Handy Andy is giving old phone boxes a red lick of TLC

Handy Andy is giving old phone boxes a red lick of TLC

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Once a feature of every high street and serving as a village hub, the traditional red phone boxes are loved up and down the country – in 2015 they were even voted as being the ‘best of British design’.
But from the 10,000 still standing, maybe half are operational, and hundreds are crying out for a paint job.
Not so for the phone box in Toller Porcorum, which incidentally exists because the determined WI fought a spirited campaign with BT in 2013 to keep their lifeline. No, this phone box has just had a revamp.

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When I called Andy Sewter, he was ‘fighting the weather.’ Heavy rain had set in, and he was on his way to a far-flung village in North Wales to give the cherished but paint-worn phone box a lick of fresh, red gloss.
His signal was patchy, so I waited until he had parked his van somewhere with reasonable signal to talk to this man, who spends his summers travelling the length and breadth of the country, painting phone boxes and living from the van he has made his home.
“I was an intensive care nurse for 20 years and used to have a house, which I sold and bought a van,” said Andy, who has painted just shy of 500 phone boxes across the country over three summers – clocking up three each day working from 7am until 8pm, seven days a week.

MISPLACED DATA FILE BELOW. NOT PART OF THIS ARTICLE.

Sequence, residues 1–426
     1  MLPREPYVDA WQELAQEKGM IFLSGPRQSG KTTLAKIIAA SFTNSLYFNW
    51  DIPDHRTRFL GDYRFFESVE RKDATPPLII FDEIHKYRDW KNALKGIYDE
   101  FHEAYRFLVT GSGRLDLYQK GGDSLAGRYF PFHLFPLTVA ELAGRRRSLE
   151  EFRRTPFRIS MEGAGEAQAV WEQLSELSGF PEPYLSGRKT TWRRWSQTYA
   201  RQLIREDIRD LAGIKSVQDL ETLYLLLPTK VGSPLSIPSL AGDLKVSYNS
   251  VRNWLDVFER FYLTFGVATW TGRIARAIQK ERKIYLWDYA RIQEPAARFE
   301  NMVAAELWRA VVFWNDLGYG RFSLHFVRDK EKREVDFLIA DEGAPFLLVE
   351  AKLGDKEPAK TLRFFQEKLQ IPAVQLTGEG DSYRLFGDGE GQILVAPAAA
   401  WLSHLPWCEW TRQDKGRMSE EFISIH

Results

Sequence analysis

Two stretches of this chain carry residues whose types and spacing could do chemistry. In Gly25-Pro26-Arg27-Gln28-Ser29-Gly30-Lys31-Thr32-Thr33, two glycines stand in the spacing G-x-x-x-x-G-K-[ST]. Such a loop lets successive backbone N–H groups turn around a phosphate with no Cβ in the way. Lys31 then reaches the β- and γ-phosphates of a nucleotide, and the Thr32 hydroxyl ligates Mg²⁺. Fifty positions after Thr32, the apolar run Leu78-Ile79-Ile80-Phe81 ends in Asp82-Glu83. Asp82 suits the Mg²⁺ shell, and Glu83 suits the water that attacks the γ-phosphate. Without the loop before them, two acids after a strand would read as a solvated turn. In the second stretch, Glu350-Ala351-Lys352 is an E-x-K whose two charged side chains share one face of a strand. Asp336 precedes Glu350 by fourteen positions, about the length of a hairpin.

“It wasn’t until I left nursing, I realised I had spent so many years cooped up inside the hospital. I’m a nature boy at heart and since I left the hospital, all my work has been outdoors.
“The phone boxes are a focal feature, a navigation point and we are losing the generation who grew up with them, when these boxes were a lifeline and a hub of the village. BT are decommissioning them, replacing or upgrading them, and I offer the painting service. And I love it. I meet many different people and of course, it gives me a sense of freedom.
“I love that moment when you first wake and open your eyes, and fleetingly not know where you are for a moment or two. I love travelling and seeing different things, I can be on a clifftop, a lakeside or an industrial estate depending on where I am in the country.
“After I have finished here in North Wales, I will drive to Manchester and Lancashire, Cumbria, Scotland and the Hebrides before driving south.
“I am a loner and live a solitary life, although I am amenable, but I like the freedom my job gives, just listening to the wildlife around me and the health benefits I derive from it.”

Box and Van

Andy gave up meat several years ago when he became a committed vegan and cooks quinoa once a week from his stove in the van, adding sun-dried tomatoes and all manner of fresh seasonal goodies to add to his healthy plate.
Andy said: “Did you know you could live on Quinoa alone? It is the only food available in the world that you can sustain life from as it contains all trace elements. Cooking it is simple and it is so healthy.
“Coupled with staying active for many hours of the day means during the summers I get really healthy while doing something fulfilling, which makes a good deal of people very happy.”
Sue Wreford, who lives in Toller Porcorum was one of those people.
“Andy is a fascinating man,” she said. “And he is doing an incredible job.”

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